- Other chemical imbalances: High levels of accumulated phosphate and bromine and imbalanced stabilizers, such as cyanuric acid (CYA) might also cause cloudiness. If you are using cyanuric acid often, make sure that the CYA and free chlorine levels are balanced, because excess CYA will significantly reduce free chlorine. You might end up with severely cloudy water when bacteria converts cyanuric acid to ammonia. Use this chlorine/CYA chart to determine proper FC to CYA levels for your pool.
How Do I Know Which Pool Chemical Is Imbalanced?
In order to verify which of these chemicals might be imbalanced, you need an accurate, fast, and easy-to-use test kit. I use the digital water test kit. It saves me lots of time as it is easy to use and very effective for frequent use. It tests pH, free chlorine, combined chlorine, total chlorine, bromine, calcium hardness, total alkalinity, cyanuric acid, and other metals including iron, copper, biguanide, and biguanide shock all at a glance. LaMotte ColorQ Pro 11
I then use PoolMath by TFP to find the exact amount of each chemical to add. Ideally, the recommended chlorine levels should be around 3 ppm, which should be the same as the total chlorine if chloramine is at 0 ppm.
What's the Difference Between Free Chlorine, Combined Chlorine, and Total Chlorine?
Free chlorine refers to the available chlorine that can sanitize your water. It differs from "combined chlorine," which is chlorine that has already been used up, oxidized, or diluted with the ammonia and nitrogen compounds in the water. Unlike free chlorine, combined chlorine is ineffective after disinfecting and killing microorganisms. Total chlorine is the sum of free chlorine and combined chlorine.
Ideal Chlorine Levels
Total chlorine should be 3 ppm and Combined Chlorine should always be below 0.5 ppm (or 0 ppm if possible) to avoid chloramine.
1. How to Clear Cloudy Pool Water Caused by Low Free Chlorine
Low free chlorine levels are caused by heavy usage, heavy rainfall (which dilutes the chlorine), or hot sunny days when UV light oxidizes lots of free chlorine. If you have an outdoor pool, you can use a chlorine stabilizer, such as cyanuric acid, to prevent chlorine depletion as a result of direct UV light. Remember that cyanuric acid is very strong, and if it exceeds the recommended levels, free chlorine will disappear, and the water will turn cloudy and be at high risk of algae growth.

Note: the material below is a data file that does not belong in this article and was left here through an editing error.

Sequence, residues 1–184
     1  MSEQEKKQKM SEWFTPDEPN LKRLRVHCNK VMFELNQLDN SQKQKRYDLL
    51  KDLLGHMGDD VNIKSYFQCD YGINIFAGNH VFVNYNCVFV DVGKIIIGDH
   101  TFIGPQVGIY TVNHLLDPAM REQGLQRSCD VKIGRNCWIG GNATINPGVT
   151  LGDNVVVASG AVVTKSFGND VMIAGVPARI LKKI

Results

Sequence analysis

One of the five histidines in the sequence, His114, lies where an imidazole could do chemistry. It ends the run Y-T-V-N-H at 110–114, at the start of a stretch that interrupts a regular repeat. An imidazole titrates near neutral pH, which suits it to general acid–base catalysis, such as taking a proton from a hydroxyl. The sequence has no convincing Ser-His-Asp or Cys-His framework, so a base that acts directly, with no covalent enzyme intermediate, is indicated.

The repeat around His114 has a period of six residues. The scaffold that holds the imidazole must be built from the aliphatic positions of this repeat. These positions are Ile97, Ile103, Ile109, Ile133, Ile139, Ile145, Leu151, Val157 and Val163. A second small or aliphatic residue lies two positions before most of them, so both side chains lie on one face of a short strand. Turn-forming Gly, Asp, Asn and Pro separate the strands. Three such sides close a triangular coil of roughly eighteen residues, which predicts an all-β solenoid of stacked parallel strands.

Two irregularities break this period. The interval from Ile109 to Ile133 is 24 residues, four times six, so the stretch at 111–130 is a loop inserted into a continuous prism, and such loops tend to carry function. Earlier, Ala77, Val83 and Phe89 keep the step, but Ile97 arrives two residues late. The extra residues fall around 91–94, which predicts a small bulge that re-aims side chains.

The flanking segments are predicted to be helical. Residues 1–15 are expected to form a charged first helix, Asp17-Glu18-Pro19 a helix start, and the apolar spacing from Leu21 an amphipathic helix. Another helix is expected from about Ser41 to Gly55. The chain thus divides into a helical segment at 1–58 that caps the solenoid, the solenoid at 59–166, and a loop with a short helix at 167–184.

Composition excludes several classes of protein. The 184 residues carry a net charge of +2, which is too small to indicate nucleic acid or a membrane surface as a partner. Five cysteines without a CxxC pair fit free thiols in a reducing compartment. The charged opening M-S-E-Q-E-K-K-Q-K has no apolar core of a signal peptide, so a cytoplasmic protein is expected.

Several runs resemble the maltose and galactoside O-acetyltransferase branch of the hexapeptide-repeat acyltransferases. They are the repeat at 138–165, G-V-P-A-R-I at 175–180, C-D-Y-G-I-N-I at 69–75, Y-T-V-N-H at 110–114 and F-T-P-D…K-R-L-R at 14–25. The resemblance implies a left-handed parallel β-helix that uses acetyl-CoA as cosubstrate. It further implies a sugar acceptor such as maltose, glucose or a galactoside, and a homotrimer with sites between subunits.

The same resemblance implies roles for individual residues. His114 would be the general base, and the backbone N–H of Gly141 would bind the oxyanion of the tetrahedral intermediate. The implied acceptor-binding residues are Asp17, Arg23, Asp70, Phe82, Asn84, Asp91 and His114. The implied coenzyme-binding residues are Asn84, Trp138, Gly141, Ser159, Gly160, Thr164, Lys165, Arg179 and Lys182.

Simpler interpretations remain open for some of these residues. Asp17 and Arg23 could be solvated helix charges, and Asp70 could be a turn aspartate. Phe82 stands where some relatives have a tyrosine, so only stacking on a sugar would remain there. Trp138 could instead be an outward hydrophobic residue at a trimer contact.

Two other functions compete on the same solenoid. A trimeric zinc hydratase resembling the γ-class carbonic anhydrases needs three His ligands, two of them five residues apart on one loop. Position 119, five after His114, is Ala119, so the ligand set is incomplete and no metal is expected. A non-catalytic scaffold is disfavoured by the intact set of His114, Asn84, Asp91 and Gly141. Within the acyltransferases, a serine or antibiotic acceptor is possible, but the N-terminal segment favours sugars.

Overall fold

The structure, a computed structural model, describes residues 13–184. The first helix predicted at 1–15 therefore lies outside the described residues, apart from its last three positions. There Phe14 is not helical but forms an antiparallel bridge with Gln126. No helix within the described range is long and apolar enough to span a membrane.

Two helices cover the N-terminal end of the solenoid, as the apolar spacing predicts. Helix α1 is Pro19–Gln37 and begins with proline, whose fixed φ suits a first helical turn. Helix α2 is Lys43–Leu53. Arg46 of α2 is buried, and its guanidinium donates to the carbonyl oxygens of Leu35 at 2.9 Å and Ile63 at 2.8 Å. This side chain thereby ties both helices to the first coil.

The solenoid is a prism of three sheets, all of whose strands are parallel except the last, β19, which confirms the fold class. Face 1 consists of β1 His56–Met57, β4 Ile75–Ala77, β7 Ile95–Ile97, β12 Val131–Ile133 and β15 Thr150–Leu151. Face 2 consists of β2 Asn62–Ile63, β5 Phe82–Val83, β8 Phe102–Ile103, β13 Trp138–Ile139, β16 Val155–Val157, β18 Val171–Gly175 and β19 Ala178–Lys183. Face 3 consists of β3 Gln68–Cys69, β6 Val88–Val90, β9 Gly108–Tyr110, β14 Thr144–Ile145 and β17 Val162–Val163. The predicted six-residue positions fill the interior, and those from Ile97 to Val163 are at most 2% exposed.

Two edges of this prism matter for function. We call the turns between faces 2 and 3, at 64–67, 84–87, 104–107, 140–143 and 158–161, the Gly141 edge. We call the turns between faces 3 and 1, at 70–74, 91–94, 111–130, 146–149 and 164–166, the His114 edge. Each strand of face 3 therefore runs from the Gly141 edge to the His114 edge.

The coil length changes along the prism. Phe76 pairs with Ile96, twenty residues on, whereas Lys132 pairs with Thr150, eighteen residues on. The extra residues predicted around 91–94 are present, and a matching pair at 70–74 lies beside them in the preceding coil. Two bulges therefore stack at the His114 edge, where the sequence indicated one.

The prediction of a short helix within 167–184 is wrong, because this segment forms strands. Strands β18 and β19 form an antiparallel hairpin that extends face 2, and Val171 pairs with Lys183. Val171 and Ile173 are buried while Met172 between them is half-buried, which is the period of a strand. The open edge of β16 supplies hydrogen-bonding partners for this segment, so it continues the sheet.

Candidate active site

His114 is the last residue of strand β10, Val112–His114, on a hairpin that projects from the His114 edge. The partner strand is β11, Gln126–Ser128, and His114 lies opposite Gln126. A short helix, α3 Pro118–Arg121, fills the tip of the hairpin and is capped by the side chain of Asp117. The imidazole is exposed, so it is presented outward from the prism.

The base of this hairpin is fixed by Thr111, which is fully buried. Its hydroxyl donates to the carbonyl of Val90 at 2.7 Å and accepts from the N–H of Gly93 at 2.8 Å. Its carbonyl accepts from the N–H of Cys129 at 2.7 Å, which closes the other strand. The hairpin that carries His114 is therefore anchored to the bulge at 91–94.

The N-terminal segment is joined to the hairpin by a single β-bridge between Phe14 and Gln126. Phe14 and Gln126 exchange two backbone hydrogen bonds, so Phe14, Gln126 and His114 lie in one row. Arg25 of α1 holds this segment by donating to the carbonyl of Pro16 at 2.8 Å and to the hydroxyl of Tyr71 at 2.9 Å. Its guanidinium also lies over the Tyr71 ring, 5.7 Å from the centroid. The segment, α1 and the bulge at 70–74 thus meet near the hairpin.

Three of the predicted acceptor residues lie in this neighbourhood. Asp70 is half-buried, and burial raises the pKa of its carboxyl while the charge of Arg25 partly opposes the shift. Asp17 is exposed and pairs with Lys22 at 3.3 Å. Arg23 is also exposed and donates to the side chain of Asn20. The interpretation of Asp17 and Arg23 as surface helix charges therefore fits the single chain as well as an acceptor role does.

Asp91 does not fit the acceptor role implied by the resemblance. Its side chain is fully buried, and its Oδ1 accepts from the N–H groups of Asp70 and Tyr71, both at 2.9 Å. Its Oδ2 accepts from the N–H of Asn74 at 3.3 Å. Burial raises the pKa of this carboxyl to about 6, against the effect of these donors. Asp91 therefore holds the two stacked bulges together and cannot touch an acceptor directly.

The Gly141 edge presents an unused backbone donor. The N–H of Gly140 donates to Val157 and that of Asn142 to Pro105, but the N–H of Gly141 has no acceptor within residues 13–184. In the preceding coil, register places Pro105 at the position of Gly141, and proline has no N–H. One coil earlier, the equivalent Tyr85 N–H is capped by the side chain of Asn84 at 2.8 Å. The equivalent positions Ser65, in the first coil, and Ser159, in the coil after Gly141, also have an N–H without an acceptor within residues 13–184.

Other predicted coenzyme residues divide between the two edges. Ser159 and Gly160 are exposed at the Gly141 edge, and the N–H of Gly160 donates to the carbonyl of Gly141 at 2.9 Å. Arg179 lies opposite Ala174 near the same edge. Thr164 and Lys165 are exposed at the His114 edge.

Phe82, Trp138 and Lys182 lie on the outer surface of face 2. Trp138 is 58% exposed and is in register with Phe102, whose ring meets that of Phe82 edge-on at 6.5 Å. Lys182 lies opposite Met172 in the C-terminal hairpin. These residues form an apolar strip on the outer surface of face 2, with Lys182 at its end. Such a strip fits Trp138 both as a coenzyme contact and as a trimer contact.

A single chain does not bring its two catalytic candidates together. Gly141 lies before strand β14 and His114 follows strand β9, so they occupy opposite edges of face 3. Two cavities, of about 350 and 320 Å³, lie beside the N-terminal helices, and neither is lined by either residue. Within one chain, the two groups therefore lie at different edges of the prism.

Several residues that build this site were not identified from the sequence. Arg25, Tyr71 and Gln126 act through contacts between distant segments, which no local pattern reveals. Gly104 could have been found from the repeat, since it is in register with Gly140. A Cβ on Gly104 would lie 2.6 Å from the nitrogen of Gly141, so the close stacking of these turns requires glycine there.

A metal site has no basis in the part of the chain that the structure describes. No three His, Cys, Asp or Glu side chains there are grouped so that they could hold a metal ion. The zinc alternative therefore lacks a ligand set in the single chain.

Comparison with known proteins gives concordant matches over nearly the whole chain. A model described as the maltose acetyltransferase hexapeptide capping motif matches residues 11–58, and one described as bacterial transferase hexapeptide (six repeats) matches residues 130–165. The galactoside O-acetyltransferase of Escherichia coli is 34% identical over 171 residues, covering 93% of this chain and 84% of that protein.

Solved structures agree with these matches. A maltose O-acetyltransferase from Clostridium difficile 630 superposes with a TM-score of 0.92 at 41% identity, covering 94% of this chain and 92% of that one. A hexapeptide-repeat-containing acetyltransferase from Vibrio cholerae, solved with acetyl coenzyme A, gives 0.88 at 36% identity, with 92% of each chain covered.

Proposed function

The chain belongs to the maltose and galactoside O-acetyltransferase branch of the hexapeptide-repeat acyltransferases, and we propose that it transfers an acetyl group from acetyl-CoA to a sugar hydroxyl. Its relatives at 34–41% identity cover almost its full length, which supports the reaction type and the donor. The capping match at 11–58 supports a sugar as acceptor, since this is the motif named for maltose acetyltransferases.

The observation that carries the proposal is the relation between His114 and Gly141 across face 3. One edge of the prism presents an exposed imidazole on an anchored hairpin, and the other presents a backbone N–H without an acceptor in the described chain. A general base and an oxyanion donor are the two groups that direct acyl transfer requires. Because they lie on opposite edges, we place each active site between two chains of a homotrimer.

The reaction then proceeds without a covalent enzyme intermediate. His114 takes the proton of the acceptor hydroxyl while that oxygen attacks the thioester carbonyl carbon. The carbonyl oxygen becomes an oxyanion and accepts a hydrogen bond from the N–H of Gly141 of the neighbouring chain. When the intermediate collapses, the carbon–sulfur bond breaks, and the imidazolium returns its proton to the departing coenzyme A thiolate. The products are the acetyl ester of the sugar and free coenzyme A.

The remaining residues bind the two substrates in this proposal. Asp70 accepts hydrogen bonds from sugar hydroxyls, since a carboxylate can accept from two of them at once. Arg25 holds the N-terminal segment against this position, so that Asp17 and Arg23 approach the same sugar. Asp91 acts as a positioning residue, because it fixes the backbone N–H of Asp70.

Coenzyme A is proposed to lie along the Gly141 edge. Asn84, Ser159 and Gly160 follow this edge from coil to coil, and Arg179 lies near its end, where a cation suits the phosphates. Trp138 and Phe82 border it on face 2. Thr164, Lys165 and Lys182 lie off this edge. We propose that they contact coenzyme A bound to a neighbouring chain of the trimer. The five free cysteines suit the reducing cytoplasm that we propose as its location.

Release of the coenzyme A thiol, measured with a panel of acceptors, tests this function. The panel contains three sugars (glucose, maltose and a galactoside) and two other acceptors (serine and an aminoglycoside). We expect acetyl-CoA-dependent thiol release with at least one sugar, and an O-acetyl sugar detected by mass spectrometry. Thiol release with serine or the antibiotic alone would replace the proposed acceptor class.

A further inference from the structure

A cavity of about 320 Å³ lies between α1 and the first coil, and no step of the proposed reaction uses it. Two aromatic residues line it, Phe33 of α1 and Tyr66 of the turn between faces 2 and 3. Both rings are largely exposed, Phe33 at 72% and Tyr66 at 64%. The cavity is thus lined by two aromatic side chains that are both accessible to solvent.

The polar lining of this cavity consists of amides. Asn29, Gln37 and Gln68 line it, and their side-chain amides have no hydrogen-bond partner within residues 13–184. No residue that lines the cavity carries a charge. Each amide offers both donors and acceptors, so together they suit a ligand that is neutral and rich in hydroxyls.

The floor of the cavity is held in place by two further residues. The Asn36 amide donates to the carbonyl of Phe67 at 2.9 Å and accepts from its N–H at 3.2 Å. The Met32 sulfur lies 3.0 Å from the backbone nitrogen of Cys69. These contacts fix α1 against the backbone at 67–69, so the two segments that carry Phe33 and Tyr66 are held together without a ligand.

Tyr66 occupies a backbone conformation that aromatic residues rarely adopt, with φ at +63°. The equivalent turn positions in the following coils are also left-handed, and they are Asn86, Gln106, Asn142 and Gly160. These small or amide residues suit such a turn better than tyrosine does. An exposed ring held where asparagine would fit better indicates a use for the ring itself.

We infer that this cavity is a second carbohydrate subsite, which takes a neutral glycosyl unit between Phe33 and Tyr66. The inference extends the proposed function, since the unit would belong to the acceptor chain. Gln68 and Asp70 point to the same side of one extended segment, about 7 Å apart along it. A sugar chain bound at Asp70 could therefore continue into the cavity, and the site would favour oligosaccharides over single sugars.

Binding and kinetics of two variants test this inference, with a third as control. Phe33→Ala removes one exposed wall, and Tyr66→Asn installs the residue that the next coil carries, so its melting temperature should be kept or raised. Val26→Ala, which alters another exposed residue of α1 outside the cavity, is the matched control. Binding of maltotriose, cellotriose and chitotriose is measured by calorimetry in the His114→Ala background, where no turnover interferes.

In summary, if your combined chlorine reads above 0.5 ppm, your water may turn cloudy and become unsafe for swimming. If this is the case, you need to shock your pool immediately to clear it.
Liquid chlorine or is the best option for a daily free chlorine boost, because it does not affect pH, calcium hardness, and cyanuric acid in your water, which make pH, calcium hardness, and cyanuric acid scale high above the recommended levels—leading to cloudy water, metal stains, ammonia, algae, and other pool problems. sodium hypochlorite
How to Know If Your Chlorine Is Imbalanced
The wider the range between free and total chlorine, the more combined chlorine (chloramine) is present in the water. Combined chlorine should always read below 0.5 ppm or just 0 ppm, if possible. This means you should test chlorine levels on a daily basis and adjust it as appropriate before there's excess chloramine, especially during the summer when it's hot and the pool is used heavily.
Safe pH Level for Swimming
The correct level of pH in a swimming pool should be between 7.4 and 7.8, with 7.6 being the ideal level.
2. Monitor pH and Total Alkalinity
The level of pH in pool water affects how all other chemicals function, including chlorine. When pH level gets too high, chlorine will become ineffective, and we all know how important chlorine is in a pool. High pH also makes water look dull, and it should always be within the recommended range.
How to Balance the pH in Your Pool
To lower pH, you need to use a pH reducer (pH minus), such as muriatic acid or sulfuric acid. Anything below a pH of 7.0 is too low, and apart from turning water cloudy, this environment brings about harmful bacteria causing ammonia and algae.
How to Balance Total Alkalinity (TA)
Finally, ensure that total alkalinity is within the required range of 80 ppm and 120 ppm to avoid bringing up pH levels and causing calcium scaling. To lower total alkalinity without extra equipment, add muriatic acid and aerate the pool to restore pH levels without having to add a pH increaser, which will increase alkalinity levels too.
3. Clean the Pool Filtration and Circulation Systems
A poor water-circulation system can also be a big problem. If your water cannot circulate properly, it will become stagnant and cloudy. To fix this problem:
- Ensure that the return fittings (eyeball fittings) are turned to point down, which enables the water at the bottom of the pool to circulate properly. However, the circulation system will largely depend on how the pool was built.
- Make sure you are using the right pump size to adequately clean the water.
- Make sure the filtration system is running long enough. A filter should run 24/7 for the water to remain clean all the time. However, for home pools that are not busy, at least 8 -10 hours a day might suffice.
- Remove particles that may be blocking your filter. Your filter system continuously cleans the water, and if it does not function properly, the water becomes dirty, cloudy, and may even develop algae. Large particles are fond of blocking filtration systems, especially diatomaceous earth (D.E) and cartridge pool filters.
- Ensure that you regularly clean, backwash, or replace the D.E and cartridge filter medium as appropriate. Cartridge filters usually last 2,000 hours and should be replaced every 1-2 years, depending on usage.